When washing your cat's litter box, use mild soap and water. Harsh chemicals can be harmful for your cat, and their odors could discourage future litter box visits.read more
Your cat may jump on the faucet when you turn it on or cry to play with you at midnight. But if you think your pet’s life always revolves around you, think again. Its antics are actually a part of natural feline behavior, which evolved to permit cat survival in the wild.
To help you better understand your cat, certified cat behavior consultant Marilyn Krieger explains some typical scenarios that may take place in your household on a daily basis.
7 a.m. Hearing your bedroom door creak open, your cat hides in its preferred spot, ready to take a swipe at your passing feet -- again.
If your cat attacks any part of your body, it could be a sign of boredom, explains Krieger, owner of TheCatCoach Web site. What’s more, if you use hands or feet at playtime, you may be encouraging kitty to attack you.
Expert tip: Enhance your cat’s environment with more toys and treat balls, and establish a regular play schedule. Don’t interact with the cat when it attacks. Instead, toss a toy into the air to divert your pet’s attention.
9 a.m. Normally you’d be out the door half an hour ago, but kitty is busy rubbing its head against your shoes.
Kitty has the best intentions: Cats have scent glands on the cheeks and face, and this is one way of spreading their friendly pheromones, explains Krieger. Your cat’s scent on your shoes is a sign that your pet is missing you already.
5 p.m. Perched on the windowsill, your cat doesn’t notice you returning from work. Kitty is peering intensely outside and chattering its teeth.
Before a cat bites small rodents’ necks to kill them quickly in the wild, it may make a distinct chattering noise. At home, your house cat displays excitement at the sight of prey in this same chattering manner. “It’s a predatory thing, a rush of adrenaline,” explains Krieger.
7 p.m. At the sight of you refilling its water bowl, kitty leaps onto the counter and helps itself to a fresh sip from the faucet.
Cats like cleanliness, and the motion of water appeals to their sense of smell, sight and sound, says Krieger. Water directly from the source is therefore much more refreshing than the “stale” kind.
Expert tip: An automatic water fountain offers running water to your cat at all times. But if you must use bowls, choose stainless steel or ceramic instead of plastic, since bacteria clings to the latter.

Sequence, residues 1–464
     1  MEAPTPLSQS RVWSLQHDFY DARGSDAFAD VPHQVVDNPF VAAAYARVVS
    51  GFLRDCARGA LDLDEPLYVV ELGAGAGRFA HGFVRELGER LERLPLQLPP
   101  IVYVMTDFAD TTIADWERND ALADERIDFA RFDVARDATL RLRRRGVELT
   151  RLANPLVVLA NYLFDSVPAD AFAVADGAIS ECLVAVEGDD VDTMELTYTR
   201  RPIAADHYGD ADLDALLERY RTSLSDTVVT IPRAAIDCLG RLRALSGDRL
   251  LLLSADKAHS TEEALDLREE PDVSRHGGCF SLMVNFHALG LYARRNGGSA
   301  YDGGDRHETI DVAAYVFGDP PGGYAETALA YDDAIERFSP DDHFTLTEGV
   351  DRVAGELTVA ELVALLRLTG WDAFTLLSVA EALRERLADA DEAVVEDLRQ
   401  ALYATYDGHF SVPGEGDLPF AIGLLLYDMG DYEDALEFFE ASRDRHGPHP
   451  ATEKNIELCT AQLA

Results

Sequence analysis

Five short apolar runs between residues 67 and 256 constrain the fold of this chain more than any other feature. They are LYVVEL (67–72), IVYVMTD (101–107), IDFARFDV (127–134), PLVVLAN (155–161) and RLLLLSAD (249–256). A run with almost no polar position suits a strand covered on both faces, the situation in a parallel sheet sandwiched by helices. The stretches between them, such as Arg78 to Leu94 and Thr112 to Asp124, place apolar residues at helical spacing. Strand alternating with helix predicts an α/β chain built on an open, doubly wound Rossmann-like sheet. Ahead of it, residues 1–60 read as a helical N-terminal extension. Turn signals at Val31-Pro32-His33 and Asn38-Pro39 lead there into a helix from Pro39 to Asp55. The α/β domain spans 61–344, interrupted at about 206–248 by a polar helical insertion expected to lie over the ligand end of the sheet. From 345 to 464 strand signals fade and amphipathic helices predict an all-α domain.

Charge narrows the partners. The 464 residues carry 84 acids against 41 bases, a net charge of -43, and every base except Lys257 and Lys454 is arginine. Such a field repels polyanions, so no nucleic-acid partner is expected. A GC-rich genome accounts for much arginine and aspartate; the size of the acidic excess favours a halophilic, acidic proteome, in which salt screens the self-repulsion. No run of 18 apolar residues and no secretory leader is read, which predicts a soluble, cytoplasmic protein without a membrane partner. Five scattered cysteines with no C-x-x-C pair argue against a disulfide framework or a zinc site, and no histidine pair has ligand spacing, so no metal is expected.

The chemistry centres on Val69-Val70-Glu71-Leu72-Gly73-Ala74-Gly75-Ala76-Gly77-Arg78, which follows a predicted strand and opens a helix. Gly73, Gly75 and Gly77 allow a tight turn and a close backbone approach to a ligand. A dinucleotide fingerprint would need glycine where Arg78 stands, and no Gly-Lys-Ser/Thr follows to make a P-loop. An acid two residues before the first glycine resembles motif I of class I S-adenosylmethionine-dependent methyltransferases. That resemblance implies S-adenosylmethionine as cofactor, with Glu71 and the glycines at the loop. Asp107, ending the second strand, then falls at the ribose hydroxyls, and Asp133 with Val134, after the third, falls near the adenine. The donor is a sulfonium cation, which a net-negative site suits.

8 p.m. After dinner, kitty scratches around the floor outside its litter box.
Krieger stresses that this has to do with litter box maintenance. If your cat spends more time outside the box than inside, it is trying to avoid the problem on the inside.
Expert tip: Rethink the litter texture, smell, cleanliness or location of the box. Scoop litter clean daily and change it often.
Bedtime … Almost!
9 p.m. Purring in your lap during the after-dinner cuddle, kitty looks at you and slowly blinks its eyes.
“This is a very loving reaction, a friendly gesture,” explains Krieger. Your cat has reached utmost contentment and is communicating its deep affection for you.
Expert tip: Respond to your cat by blinking slowly too, which will make your pet feel secure that its sentiments are returned.
10 p.m. It’s bedtime! But for who? Kitty won’t stop meowing!
Some cats are naturally “talkative.” Others communicate physical discomfort this way. First, you want to make sure the veterinarian checks your cat to make sure there’s nothing medically wrong. Thyroid conditions and other health issues can cause excessive meowing. Other possible reasons may include hunger and loneliness.
Expert tip: Don’t encourage your cat to negotiate with you. “Sometimes, owners reinforce the behavior by talking to the cat,” says Krieger. Instead, try enriching its environment to solve the problem. Leave toys out at night and invest in a timed feeder to help combat feline late-night munchies.
12 a.m. There’s no better time for playtime … but your bedroom door is closed. Oh, well, kitty will just have to keep scratching till you come out of hiding.
The wee hours of the morning are a prime hunting time for cats in the wild. Since your cat snoozes while you work all day, it’s no surprise that kitty’s energy is brimming when you’re drained.
Expert tip: A brief yet high-powered play session before bed should do the trick. Let kitty chase and capture feather toys to work off the excess energy.
“Cats can get accustomed to your schedule as long as you don’t reinforce bad behaviors,” says Krieger. Understanding your cat’s perspective is the first step to getting your schedules to match. But don’t try to change your cat completely: After all, you can take the cat out of the wild, but you can’t take the wild out of your cat.
Natalia Macrynikola is a Group Editor at Studio One Networks, which publishes The Daily Cat.
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